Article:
ES is a high-throughput genomic sequencing technique in which most of an individuals' exons are analyzed for genetic variants in order to determine pathogenic mutations.12, 13 This information can be used in combination with other genomic evaluations to identify candidate genes for complex cases. We report a case where ES and SNP array analyses were used together along with phenotypic information to make a diagnosis of an extremely rare disorder. This result indicates that these methods are an efficient means to screen for the molecular bases of genetically heterogeneous disorders such as spastic paraplegias or leukodystrophies. Without these methods, the likelihood of making this rare diagnosis would have been dramatically decreased.
The maternally inherited ~28-kb genomic deletion encompasses sequences that had previously been shown to be essential for FA2H function.5, 8 The paternally inherited mutation (c.707 T>C; p.F236S) alters a phenylalanine residue residing in an iron-binding histidine motif of the catalytic site.14 Of note, another family with a homozygous mutation affecting the adjacent amino acid (p.R235C) had enzyme activity that was decreased by 20–40%.4, 6 Both F236 and R235 are highly conserved across genera including mice, the frog X. laevis, the plant A. thaliana, and the yeast S. cerevisiae (Figure 1), and thus are likely to be important for FA2H function.
Previously reported patients homozygous for putative null mutations or deletions had a severe FAHN disorder that additionally included dysphagia, optic atrophy, seizures, and severe cognitive decline.6, 8 In contrast, patients homozygous for amino-acid substitutions (eg, p.R235C and p.D35Y) generally had milder phenotypes comprising only spastic paraplegia and mild cognitive decline.4, 5, 6 Our patient, with a combination of a null deletion and a missense substitution, displayed an intermediate phenotype.
This non-consanguineous family provides the first example where it is unlikely that homozygous mutations in other genes are confounding the phenotype. Our patient had many of the features of the previously described consanguineous families including spasticity, ataxia, dystonia, cognitive decline, and leukodystrophy, which support the association of these features with FA2H deficiency. However, there were some differences in our case from these cases and transgenic mouse models. Our patient did not have dysphagia, optic atrophy, or seizures at this time, and his cognition was not severely impaired. Continued monitoring will determine whether these features will develop later. Interestingly, this patient did have an axonal sensory neuropathy, a previously undescribed feature of FAHN. This finding is especially interesting as the etiology of FAHN is considered to involve myelin abnormalities and not direct axonal toxicity, although fa2h-null mice had late-onset peripheral demyelinating and axonal neuropathies.2, 3 Determining whether this feature is a consistent finding in FAHN will require identification of additional patients, but may indicate a need to consider FAHN in children presenting with sensory neuropathy.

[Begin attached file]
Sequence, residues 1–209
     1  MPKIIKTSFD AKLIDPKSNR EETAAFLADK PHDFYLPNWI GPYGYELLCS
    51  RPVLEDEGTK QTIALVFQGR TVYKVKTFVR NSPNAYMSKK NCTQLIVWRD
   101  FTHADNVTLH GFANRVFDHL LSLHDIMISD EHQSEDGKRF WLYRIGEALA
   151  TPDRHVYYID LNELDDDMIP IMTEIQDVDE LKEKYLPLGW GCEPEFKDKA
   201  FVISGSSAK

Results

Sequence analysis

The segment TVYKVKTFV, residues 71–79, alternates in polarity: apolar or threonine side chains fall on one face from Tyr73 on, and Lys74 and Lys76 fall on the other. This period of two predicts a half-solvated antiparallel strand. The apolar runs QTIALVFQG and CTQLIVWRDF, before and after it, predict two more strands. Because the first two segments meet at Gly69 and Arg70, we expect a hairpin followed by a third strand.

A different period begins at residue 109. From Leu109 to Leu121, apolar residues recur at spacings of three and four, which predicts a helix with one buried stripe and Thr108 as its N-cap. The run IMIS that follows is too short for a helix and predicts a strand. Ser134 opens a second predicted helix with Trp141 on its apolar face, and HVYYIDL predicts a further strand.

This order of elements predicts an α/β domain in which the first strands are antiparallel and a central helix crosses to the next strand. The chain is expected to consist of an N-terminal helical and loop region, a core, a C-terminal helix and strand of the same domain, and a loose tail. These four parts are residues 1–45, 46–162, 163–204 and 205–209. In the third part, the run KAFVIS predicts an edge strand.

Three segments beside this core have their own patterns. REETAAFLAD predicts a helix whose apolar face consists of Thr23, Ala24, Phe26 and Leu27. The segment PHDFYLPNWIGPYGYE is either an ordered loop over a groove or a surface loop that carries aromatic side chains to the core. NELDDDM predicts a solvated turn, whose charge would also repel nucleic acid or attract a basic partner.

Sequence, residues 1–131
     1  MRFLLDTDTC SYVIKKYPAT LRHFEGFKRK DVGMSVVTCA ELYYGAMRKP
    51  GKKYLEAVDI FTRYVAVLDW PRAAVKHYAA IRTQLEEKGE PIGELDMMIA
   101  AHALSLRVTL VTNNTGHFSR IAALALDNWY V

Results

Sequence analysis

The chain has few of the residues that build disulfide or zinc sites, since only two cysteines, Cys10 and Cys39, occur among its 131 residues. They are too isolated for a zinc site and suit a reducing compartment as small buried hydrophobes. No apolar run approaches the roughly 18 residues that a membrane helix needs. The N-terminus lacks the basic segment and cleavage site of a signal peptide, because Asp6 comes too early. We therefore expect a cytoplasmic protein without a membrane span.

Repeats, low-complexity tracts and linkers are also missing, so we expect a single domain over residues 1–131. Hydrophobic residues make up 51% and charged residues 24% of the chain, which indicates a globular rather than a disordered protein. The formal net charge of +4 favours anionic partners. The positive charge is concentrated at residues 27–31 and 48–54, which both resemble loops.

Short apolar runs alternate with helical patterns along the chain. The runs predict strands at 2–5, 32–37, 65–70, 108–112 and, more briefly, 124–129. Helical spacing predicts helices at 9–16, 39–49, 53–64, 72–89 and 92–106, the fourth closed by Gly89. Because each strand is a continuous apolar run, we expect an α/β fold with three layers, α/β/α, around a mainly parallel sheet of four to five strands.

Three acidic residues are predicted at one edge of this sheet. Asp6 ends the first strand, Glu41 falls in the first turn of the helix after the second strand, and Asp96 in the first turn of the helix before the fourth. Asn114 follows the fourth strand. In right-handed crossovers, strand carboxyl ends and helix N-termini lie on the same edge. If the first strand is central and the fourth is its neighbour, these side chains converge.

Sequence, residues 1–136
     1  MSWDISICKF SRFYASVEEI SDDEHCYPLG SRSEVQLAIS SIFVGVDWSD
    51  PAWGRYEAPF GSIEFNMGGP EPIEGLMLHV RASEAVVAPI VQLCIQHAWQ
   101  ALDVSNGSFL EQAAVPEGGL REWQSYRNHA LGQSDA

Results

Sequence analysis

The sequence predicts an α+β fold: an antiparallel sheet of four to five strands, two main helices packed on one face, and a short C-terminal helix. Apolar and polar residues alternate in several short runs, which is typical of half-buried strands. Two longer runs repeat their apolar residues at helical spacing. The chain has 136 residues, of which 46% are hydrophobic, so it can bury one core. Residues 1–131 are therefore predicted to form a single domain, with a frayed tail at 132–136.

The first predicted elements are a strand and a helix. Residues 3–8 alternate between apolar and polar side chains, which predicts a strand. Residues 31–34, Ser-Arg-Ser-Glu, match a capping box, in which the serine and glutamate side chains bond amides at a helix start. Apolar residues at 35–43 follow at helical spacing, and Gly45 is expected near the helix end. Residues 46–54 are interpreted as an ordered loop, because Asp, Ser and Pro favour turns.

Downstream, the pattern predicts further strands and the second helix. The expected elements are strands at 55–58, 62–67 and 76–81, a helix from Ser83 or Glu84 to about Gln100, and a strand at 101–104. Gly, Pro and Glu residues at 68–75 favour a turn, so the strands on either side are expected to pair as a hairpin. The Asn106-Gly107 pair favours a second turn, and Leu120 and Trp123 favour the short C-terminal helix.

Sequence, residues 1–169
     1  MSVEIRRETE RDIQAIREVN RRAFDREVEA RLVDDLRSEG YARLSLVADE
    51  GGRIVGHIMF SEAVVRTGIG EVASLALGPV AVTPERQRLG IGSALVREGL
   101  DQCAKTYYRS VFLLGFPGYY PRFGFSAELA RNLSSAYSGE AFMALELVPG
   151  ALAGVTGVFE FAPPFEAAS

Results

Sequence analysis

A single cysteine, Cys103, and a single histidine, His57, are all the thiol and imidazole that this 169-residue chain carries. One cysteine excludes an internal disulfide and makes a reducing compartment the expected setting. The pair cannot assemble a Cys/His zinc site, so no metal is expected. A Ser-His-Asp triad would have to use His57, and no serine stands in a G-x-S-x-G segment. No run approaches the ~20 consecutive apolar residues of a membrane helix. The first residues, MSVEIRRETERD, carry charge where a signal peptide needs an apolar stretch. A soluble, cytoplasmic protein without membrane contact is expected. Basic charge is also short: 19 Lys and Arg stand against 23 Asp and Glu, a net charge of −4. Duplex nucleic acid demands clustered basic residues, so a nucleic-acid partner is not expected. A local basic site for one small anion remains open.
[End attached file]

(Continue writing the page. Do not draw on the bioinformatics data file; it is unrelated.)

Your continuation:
In summary, high-throughput genomic sequencing and SNP analysis allowed the focused evaluation of genes involved in spastic paraplegias and leukodystrophies, and were important for the diagnosis of a single family member with an extremely rare disorder. Further insight into this rare disorder was achieved by the evaluation of this non-consanguineous family, with the potential addition of sensory neuropathy to its phenotypic profile.
We are grateful to the patients and the parents of the family for their cooperation. We thank Shannon McNeil, Ronald Austin, Jose Salas, Chevalia Robinson, Joy Bryant, and Cheryl Hipple, Eva Baker, Bryan Brooks, Barrington Burnett, Kenneth Fischbeck, Roxanne Fischer, Hiroko Hama, Tanya Lehky, Joseph Snow, Gilbert Vezina, Lynne Wolfe, and Sandra Yang, for administrative, clinical and technical assistance, and critical analysis. This work was supported by the NIH Undiagnosed Diseases Program and the Intramural Research Program of the National Human Genome Research Institute, National Institutes of Health.
The authors declare no conflict of interest.